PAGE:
Social media connects girls and shared experiences with HIV prevention


Social media connects girls and shared experiences with HIV prevention

Photo Credit: Brian Campbell/FHI 360

The Cookie Jar is a Facebook group run by FHI 360’s Accelerating Progress in Communities (APC 2.0) project to support young women in Botswana in shifting social and gender norms. Members talk about issues like HIV risks, gaps in knowledge about infections and access to treatment. Typically, young women like me do not use HIV services despite risks of infection or violence in relationships. In Botswana, many young women engage in intergenerational and transactional sex. The Cookie Jar provides a place for young women to seek information, find out how to get care and receive peer support.

As a content manager, I ensure that the Cookie Jar serves as a confidential, safe and nonjudgmental place for peers to discuss health and well-being, relationships, fashion, music, makeup, etc. FHI 360 recruited me, along with other girls, to work with project staff in developing the logo, vision, goals and standard operating procedures for the Cookie Jar. To get us started, APC 2.0 staff trained and mentored me and my fellow content managers on posting and managing discussions ranging from HIV risks, gender-based violence (GBV) prevention messages, social asset building and screening for HIV testing.

The content managers encourage access to HIV preexposure prophylaxis (PrEP) and linkages to services using forum questions, videos, memes, images, quotes and stories. We also learned how to make and edit our own video content. We find ways to reach and support rural peers who do not have easy or steady access to Facebook.

Some of the successes in the past five years include:

  • Increasing our membership to more than 1,000 young women, focusing on the greater Gaborone area. Much of this push has been by current members recruiting their own friends.
  • Creating partnerships and linkages with local facilities. For example, the Tebelopele Voluntary Counseling and Testing Centre (TVCTC) set up clinical hours and safe spaces for young women to receive services.
  • Supporting APC 2.0 to meet PEPFAR targets. From October 2019 through September 2020, the Cookie Jar referred young women for various services. In total, 78 young women received referrals: 20 sought HIV PrEP services, 31 received contraceptives, 21 sought HIV testing services and six sought gender-based violence care and general counseling services.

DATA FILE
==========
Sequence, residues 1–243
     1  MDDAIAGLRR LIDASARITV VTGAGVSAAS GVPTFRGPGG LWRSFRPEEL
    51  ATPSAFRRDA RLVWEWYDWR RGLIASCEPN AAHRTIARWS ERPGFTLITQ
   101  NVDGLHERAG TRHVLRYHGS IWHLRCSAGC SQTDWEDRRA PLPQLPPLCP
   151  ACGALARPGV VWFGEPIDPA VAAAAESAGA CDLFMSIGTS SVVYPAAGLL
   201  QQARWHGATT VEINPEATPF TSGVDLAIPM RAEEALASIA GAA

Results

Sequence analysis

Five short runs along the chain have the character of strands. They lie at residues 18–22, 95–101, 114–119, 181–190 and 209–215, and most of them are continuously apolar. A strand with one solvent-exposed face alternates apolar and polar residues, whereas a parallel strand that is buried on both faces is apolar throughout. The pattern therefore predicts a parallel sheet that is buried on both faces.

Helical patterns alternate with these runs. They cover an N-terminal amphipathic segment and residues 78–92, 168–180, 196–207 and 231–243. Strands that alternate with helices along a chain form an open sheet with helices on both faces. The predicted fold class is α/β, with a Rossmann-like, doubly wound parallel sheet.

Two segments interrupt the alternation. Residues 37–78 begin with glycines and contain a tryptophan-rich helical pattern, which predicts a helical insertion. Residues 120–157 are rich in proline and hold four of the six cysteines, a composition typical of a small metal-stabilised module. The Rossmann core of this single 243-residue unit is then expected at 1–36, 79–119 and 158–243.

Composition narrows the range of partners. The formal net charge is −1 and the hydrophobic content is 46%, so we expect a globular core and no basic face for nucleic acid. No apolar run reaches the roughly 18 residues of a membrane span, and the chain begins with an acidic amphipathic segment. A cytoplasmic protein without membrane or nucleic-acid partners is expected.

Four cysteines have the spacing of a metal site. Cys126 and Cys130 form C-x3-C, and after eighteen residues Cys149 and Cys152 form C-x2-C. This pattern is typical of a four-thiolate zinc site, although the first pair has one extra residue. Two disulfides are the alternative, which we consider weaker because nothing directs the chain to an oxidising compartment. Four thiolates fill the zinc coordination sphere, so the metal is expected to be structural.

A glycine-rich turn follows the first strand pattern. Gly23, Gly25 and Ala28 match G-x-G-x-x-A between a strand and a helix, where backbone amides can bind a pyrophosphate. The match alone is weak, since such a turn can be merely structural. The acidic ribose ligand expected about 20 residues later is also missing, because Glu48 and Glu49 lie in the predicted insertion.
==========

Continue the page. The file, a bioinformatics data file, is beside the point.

One member of the Cookie Jar had this to say:

“Hey Admin, I would like to thank you for the job well done y’all are doing. I say this because I barely comment in the group, I think cause I’m inferior I don’t know why. But yes. This group has been very beneficial to me. I’ve come to learn a lot from it. One thing I was afraid to start was PrEP, mainly because it’s controversial. But hey precaution is not promiscuity!

I find PrEP to be very useful and effective, I wish a lot of young women used it. Please don’t assume I’m taking it because I don’t trust my partner, I do trust him just not fully. He has his own weaknesses, so do I. So, for me PrEP gives me the full confidence of protection at all times. My wish is to see multitudes of young women to be enrolled on PrEP. Festive season is looming, and it can be a reckless season. I just wanted to say thank you so much Cookie Jar.

Members promote FHI 360 during community outreach events. Our work has even been showcased to the U.S. Ambassador to Botswana and the First Lady of Botswana. These exciting experiences proved that the Cookie Jar’s partnership with FHI 360 has value. In 2019, I participated in World AIDS Day celebrations in Maun, where young women were eager to learn about and enroll in HIV PrEP. However, PrEP is currently provided in Gaborone and Molepolole only. My goal this year is to work with FHI 360 to explore making PrEP accessible to young women in Maun.

For me, I feel most satisfied with how I am part of a strong team of young women who identify, link and support other young women living with HIV to initiate treatment and achieve viral suppression. In this role, I have personally grown and learned a lot. I am driven by passion to serve as a mediator for my fellow young women. The Cookie Jar is like having a noncoerced sisterhood that you can always rely on. It has given me tremendous hope. It has been five years of growth from a content manager to an intern at FHI 360, where I continue to support, coordinate, develop and manage content for this crucial group.

2 Responses

2 Responses to “Social media connects girls and shared experiences with HIV prevention”

  1. Naomi Mogami on

    Great work you and your organisation are doing, there seem to be a lack of information amongst young people when it comes to the issue of PrEP. It’s great to see the progress you’ve made.

  2. Kabelo Poloko on

    Great work. Good strategy to link young people with service especially during the COVID-19 pandemic.

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